PARIS (Reuters) - French farmers angered by government policies that they say threaten their livelihoods drove convoys of tractors into Paris on Wednesday, obstructing commuter traffic and adding to the social unrest facing President Emmanuel Macron.
Up to a thousand tractors rolled into the city from the north and south, at times blocking motorways and the inner ring-road, honking horns and flying the flags of the two main farm unions staging the protest.
In the city centre, farmers threw hay across the boutique-lined Champs-Elysees Avenue and occupied the lanes headed towards the Place de la Concorde square. Riot police urged the farmers to disperse.
“Macron, answer us! Save farmers,” read one banner carried by a tractor rolling down the A1 autoroute.
Farmers’ unions demanded a meeting with Macron to express grievances over policies that they say are hurting agriculture and threatening their livelihoods, such as the phasing out of the common weedkiller glyphosate.
They did not obtain that meeting but, after talks with Agriculture Minister Didier Guillaume at the end of the day, the unions said they would meet Prime Minister Edouard Philippe on Dec. 3 and called for a suspension of the action.
“We have made some progress (...) we’ll now tell the farmers where we stand and we ask for the action to be suspended,” Christine Lambert, head of the main FNSEA union, told reporters.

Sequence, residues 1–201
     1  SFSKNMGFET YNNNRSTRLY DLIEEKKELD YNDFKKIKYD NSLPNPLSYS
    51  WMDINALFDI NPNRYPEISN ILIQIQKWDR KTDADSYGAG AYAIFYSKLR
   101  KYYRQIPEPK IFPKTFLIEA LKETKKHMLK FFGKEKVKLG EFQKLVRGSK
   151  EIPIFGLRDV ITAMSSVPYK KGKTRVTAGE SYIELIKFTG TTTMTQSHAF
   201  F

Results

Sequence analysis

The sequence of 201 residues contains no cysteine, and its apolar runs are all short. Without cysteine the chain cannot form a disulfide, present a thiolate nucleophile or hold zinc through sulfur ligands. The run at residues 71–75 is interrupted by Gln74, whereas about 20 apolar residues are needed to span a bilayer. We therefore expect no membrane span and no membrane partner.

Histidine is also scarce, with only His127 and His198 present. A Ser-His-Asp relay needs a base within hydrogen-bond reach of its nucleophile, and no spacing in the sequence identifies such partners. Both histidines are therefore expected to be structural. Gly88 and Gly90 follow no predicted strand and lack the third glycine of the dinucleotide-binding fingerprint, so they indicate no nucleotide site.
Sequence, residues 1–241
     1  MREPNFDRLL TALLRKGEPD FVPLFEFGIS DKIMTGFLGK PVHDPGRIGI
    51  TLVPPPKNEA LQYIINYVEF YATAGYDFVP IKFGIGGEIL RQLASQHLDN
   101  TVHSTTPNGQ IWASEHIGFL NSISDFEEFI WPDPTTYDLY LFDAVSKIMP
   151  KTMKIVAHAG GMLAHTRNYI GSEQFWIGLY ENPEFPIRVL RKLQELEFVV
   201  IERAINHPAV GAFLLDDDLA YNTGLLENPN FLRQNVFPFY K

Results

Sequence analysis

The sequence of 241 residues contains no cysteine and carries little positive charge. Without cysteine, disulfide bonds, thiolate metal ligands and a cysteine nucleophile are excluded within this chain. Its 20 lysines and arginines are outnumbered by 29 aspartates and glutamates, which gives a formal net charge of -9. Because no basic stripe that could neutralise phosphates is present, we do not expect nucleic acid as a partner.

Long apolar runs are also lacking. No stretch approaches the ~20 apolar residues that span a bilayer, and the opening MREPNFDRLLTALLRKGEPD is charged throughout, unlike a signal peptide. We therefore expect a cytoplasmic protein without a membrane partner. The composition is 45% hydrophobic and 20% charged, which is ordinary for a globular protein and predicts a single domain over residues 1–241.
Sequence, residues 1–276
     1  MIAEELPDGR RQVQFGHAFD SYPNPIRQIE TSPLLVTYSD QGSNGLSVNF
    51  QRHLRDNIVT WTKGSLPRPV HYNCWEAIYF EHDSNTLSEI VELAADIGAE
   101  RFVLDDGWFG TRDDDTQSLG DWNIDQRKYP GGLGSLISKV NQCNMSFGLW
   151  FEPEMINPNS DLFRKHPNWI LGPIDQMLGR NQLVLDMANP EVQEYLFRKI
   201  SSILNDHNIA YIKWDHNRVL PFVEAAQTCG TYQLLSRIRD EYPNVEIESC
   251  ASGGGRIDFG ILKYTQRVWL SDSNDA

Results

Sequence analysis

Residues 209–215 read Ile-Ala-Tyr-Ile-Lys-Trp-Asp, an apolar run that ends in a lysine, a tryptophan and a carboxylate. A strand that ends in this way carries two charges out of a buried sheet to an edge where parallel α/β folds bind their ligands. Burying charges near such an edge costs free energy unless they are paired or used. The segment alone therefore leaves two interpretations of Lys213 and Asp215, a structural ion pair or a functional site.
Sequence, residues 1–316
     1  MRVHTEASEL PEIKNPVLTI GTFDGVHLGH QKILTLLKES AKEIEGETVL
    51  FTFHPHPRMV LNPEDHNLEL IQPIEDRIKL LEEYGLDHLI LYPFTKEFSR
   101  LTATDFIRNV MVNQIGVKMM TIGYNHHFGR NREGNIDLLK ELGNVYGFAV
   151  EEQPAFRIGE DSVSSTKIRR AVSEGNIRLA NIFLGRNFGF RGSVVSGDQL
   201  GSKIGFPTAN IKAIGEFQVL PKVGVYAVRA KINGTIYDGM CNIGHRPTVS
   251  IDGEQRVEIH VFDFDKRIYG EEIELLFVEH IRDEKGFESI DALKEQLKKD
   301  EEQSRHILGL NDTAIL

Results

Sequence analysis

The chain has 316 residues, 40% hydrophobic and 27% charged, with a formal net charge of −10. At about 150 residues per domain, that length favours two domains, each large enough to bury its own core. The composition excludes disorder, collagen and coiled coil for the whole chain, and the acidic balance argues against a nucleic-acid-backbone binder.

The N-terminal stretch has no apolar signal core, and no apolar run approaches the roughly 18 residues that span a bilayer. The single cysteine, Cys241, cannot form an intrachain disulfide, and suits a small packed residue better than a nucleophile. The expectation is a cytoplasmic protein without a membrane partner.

A food law passed by Macron’s government, which aimed to give farmers a fairer share of profits, has failed to dispel their discontent over modest revenues.
Guillaume defended the government’s record, saying the law would help once it had more time to have an impact. City dwellers and environmentalists should stop denigrating farmers, he told Europe 1 radio.
The protest was similar to a blockade carried out by Irish farmers in Dublin on Wednesday, although the two events were not coordinated.
Macron, 41, has faced discontent against his social and economic reform agenda across French society.
His government last week announced emergency financing in a failed attempt to head off further hospital strikes and has been negotiating with unions over pension reform ahead of nationwide transport strikes on Dec. 5.
Resentment among farmers has been growing at what they call “agri-bashing”, or criticism of agriculture over issues ranging from pesticide use to animal welfare.
“We’re the new scapegoats. As soon as something goes wrong, it’s the farmers’ fault,” Jean-Yves Bricourt, leader of FNSEA in the administrative department of Aisne, told Reuters. “We’re treated like criminals.”
Farmers widely blame Macron for rushing to ban glyphosate by 2021, going beyond current European Union policy, although the government has promised exemptions for farms that have no viable alternative.
Macron has also been under pressure from farmers over EU trade deals with Canada and the Mercosur bloc of South American countries, which farming groups say will usher in imports of cheaper agricultural goods produced to lower standards.
France is the largest agricultural producer in the EU and the biggest beneficiary of subsidies under the EU’s Common Agricultural Policy.
Additional reporting by Gus Trompiz, Sybille de La Hamaide and Matthieu Protard; Writing by Richard Lough; Editing by Catherine Evans, William Maclean, Peter Graff and Philippa Fletcher
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